• Role over the next 12 months – summary of the work I want to do over the next 6 months
  • 12 Month goals – Goals I want to achieve by this time next year
  • Proposed Compensation – what I make now and how much money I want

I had one of these conversations with my last boss just a couple of months before I got my new job. During the course of that conversation and some subsequent ones, I figured out that I would not be getting the kind of raise I wanted from that company, so I used it to spur me on to get a raise from another one!

Plan the discussion

Have the meeting

Timing is important. I did my last meeting a month before my annual review. This is the time you should be thinking about the last year anyway. If you are underpaid and/or you have completed a big money making or saving project with real bottom-line impact, you should have this conversation when that project is over and has started to realize the gains.

It’s important to note that this road map is a conversation starter, not something you email or drop on your boss’s desk before walking out. You’re highlighting the last year, then showing where you want to go, and then getting ideas from your boss. Your boss may have a different vision than you do.

Since this is a critical conversation, book time on your manager’s schedule. Plant the seed that you want to talk about the last year (or whatever) and where you see yourself going next. This will give them some time to (hopefully) prepare for the talk.

Review your road map in advance of the meeting, then make a couple of extra copies- one for your manager and the other for you- just like it’s an interview.

Be prompt for the meeting. Consider dressing slightly better than normal to give a good image.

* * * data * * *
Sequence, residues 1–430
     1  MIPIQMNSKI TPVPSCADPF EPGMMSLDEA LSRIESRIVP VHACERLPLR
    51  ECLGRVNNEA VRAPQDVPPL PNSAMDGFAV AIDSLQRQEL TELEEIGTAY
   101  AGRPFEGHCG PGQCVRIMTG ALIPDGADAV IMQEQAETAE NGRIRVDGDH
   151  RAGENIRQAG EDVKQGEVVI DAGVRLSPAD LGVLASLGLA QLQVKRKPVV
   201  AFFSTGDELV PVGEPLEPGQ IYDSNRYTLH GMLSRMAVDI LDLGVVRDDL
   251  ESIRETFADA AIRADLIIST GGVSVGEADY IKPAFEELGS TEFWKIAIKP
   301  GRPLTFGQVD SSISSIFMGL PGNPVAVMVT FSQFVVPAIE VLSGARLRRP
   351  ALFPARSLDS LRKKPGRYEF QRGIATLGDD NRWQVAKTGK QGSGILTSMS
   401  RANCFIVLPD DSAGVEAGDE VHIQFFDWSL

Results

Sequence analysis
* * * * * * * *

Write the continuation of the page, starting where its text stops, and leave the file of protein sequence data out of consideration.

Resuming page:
Then, just have a conversation. Not just you talking, but asking questions, asking what they think. Getting feedback is critical, especially when you get to the next 12 months, since you and your boss might differ a little.

Be prepared to walk

One of the best ways to get a raise is to conduct a stealth job search. You might think that’s an extreme step, but in reality, it’s critical. Being prepared to walk will give you a great deal of confidence in this process.

Getting one or more competing offers will 1) let you know what you’re worth in the market and 2) give you an option if you really can’t get the raise you want at your current company.

If you’ve got a competing offer in hand, you can use it as leverage to get the money you want, but you must be prepared to exercise that option.

If you’ve got a competing offer in hand, you can use it as leverage to get the money you want, but you must be prepared to exercise that option.

There is a chance that this meeting won’t go well. Your manager might

  • disagree with your level of accomplishment or contribution.
  • tell you there isn’t money in the budget.
  • be irritated that you asked for more money.
  • decline to talk with you about this at all.

If you clearly documented your contributions, look back at them. Did you overstate how involved you were with some projects? You are the salesman here- if you don’t do a good job at selling your raise, it’s not your boss’s fault- it’s yours.

Go back to the drawing board. Maybe you really haven’t done much to merit an big increase. Your peers might be able to give you feedback here.

There may not be money in the budget. Not a whole lot you can do there.

If you boss is irritated that you asked for a bigger-than-normal raise, or doesn’t want to talk at all, those are warning signs for you. You should consider moving on to another company.

You can vastly improve your earnings if you are strategic about your getting a raise. Know yourself, your job market, and your contributions and you can make a good case. Plan your meeting and also on backing up your talk with another job, and you will, one way or another, get that raise you’re after.

What are you waiting for? Get to work! You’re worth it, and your time investment will pay off. Thanks for reading!